TV watching is a splintered, silo’d, highly individual experience chez Smirnov. We are a household with nine screens, of every size and persuasion. Each one of us has an electronic appendage — the Russian and his iPhone, the kid and his DS, me and my blackberry. Very often we’re multi-taking as we keep one eye on whatever the channel surfing dredges up on the HDTV in the front of the room. Don’t get me wrong, we have our communal TV-watching moments, and the older our son gets, the more we can share our TV preferences with him to make for a true family viewing outing.
It’s not the same, of course. Down to the way the popcorn tastes. Who sits around watching popcorn pop, for god’s sake? Well, 30-some years ago we did, and I cherish those memories. There’s such a thing as Slow Food and Slow Parenting…maybe it’s time to trade in the microwave popcorn for a West Bend and try out some Slow Family TV Time.
(Logo montage via James White. Popcorn popper via ebay.com)
Let’s get this out of the way: Pepperidge Farm is our client. We’re quite fond of them. It’s a beautiful thing working in an office where boxes of Milanos and Tim Tams literally line the hallways, I mean really – what’s not to love? Plus — they’re nice. They don’t make us cry (eh-hem.)
So we were bursting with pride and excitement to see in The Official White House Photostream that oh my goodness, President Obama snacks on Pepperidge Farm crackers. In moderation, of course, which we’ve come to expect from this disciplined and fit Commander-in-Chief. Has portion control ever been so artfully arranged, so elegant, so…commanderly??
Needless to say, the DeVries twitter critters (thx to my pal Jodi Balkan at BOLD PR for that coinage) sprang into action, tweeting and retweeting like fiends about the presidential snack (with full disclosure, don’t worry.)
For me, it came as a welcome distraction amidst gloom-and-doom pandemic news and other more mundane stresses (deadlines, neglected gym memberships, unreturned phone calls, etc.) Dare I say, I was inspired. Inspired by a White House brave enough to post behind the scenes images on Flickr. By the many new connections and colleagues I’ve discovered thanks to Twitter, and how it transforms how we do PR every single day. By the artful elegance of a plate of carrots, cheese, fruit and — yes — Pepperidge Farm crackers, a snack fit for a president and one that anyone can enjoy.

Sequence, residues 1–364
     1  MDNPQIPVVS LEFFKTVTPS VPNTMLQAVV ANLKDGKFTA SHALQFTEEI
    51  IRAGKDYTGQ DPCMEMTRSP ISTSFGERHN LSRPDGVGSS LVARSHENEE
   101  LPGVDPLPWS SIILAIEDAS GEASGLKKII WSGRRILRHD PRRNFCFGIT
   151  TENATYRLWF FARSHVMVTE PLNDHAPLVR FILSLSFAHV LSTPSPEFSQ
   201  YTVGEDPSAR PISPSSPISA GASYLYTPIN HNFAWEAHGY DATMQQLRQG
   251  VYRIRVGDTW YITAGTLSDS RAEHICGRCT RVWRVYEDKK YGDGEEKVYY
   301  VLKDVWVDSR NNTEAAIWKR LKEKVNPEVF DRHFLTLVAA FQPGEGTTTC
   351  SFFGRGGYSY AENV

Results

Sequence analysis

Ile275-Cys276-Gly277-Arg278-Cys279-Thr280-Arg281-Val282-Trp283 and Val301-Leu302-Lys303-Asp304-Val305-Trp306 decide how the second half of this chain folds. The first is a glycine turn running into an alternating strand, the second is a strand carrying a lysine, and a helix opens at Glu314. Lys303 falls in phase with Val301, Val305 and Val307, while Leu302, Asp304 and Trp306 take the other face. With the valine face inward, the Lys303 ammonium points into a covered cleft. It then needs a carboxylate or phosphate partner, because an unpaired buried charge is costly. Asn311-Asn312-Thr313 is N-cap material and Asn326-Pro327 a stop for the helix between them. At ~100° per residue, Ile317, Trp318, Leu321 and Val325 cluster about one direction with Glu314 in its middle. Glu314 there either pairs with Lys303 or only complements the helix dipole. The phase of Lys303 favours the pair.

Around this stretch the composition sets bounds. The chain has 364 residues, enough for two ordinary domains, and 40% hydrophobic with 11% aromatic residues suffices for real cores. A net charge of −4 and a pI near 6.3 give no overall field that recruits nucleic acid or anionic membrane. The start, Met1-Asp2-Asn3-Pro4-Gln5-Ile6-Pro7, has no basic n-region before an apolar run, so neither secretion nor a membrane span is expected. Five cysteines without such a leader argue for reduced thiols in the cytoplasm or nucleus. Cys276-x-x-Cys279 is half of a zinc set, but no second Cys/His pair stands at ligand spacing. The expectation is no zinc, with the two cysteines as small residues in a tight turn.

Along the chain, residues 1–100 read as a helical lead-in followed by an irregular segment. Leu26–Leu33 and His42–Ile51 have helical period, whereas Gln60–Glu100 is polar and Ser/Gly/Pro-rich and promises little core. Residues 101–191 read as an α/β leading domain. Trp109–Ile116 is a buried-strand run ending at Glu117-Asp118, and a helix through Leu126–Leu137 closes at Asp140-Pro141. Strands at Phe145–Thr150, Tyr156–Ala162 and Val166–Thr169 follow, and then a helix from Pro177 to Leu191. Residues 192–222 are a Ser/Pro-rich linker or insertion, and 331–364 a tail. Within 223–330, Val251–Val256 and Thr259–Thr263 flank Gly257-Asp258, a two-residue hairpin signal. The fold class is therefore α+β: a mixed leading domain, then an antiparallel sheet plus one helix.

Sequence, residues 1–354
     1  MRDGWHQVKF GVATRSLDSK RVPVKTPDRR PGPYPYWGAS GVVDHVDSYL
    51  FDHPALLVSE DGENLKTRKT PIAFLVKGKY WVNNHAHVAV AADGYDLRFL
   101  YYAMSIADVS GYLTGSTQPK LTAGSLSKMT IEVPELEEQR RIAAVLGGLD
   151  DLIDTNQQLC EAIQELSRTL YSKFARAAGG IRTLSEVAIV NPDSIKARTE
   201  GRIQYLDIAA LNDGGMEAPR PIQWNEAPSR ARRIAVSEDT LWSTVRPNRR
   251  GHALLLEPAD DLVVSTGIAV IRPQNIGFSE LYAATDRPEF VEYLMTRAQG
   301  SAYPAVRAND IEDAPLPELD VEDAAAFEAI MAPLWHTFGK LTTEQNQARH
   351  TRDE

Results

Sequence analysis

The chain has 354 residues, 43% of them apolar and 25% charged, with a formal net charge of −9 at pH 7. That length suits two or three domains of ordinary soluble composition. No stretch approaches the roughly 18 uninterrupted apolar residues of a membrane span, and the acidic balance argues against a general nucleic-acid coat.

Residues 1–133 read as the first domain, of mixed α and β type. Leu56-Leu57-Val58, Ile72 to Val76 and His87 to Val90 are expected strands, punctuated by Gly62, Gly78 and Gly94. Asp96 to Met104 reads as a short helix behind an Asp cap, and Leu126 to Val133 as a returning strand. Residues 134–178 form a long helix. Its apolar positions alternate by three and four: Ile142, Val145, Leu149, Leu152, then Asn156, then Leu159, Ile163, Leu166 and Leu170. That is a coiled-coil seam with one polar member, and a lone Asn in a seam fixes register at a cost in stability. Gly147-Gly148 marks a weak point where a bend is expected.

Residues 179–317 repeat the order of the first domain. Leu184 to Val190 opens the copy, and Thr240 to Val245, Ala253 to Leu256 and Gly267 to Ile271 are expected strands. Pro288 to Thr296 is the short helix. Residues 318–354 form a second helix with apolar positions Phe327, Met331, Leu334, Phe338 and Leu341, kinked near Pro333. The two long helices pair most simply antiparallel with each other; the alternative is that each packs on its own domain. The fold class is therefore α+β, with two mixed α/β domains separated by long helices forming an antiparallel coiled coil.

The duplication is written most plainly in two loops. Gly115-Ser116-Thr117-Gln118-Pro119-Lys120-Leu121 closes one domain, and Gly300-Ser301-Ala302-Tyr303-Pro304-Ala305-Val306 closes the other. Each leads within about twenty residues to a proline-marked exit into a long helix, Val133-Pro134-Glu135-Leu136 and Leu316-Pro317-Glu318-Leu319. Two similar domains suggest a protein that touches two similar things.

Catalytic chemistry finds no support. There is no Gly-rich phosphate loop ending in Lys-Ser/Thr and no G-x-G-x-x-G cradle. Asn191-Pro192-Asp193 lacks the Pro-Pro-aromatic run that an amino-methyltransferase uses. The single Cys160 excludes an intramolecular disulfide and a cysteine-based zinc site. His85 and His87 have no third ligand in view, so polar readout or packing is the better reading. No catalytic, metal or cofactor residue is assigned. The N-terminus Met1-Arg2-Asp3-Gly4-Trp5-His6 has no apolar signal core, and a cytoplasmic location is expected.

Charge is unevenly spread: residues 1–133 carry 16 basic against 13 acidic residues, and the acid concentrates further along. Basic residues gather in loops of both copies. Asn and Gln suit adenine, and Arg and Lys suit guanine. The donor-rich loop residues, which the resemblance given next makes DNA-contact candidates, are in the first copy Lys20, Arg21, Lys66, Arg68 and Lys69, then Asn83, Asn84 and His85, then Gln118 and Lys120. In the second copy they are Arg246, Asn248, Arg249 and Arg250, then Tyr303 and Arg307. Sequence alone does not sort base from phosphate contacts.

(Oh, and by the way, that’s not shilling or pimping, that’s me remembering that moderation can be a good thing and that perhaps I should rethink my afternoon iced mocha latte/peanut M&M ritual.)
So word around the office was that we had a new caterer coming in to do a tasting and would I mind stopping by to check it out. While a tasting might sound lavish and fun, when you’re knee-deep in new business hooplah it feels a bit more like a distraction than a treat. Also, it’s been many a moon since I personally vetted any caterers for the events we do for clients, so I thought it best to leave this one in the capable hands of the DeVries troops.
But so many people nagged me that I put down my hummus and Scandinavian flatbread (yet another glamorous lunch in front of my HP L19050) and schlepped down the hall to the conference room to see what all the fuss was about.
And was greeted with this:
Trust me when I say, these pictures don’t do the food justice. I’ve never attended a tasting this impeccably presented, nor this insanely delicious (organic veggie sushi you would die, repeat, die over.) Oh, with a Buddha statue worked into the display.
I almost hesitate to reveal who the caterer is because I’d much rather it stay our agency’s little secret — but these guys are too great not to promote.
So behold the genius of Smart Catering. And they are quite literally smart. They’ve invented a new catering model that outsources all the culinary work to chefs and restaurants that are best at what they do. No more catering menus that do sushi or dessert quasi-well…Smart Catering gives you sushi from Megu, cupcakes from Magnolia and pastries from Payard. And pull it all together with an exquisite taste level and — refreshing — flexibility on price. I see many happy event partnerships in the future with this company.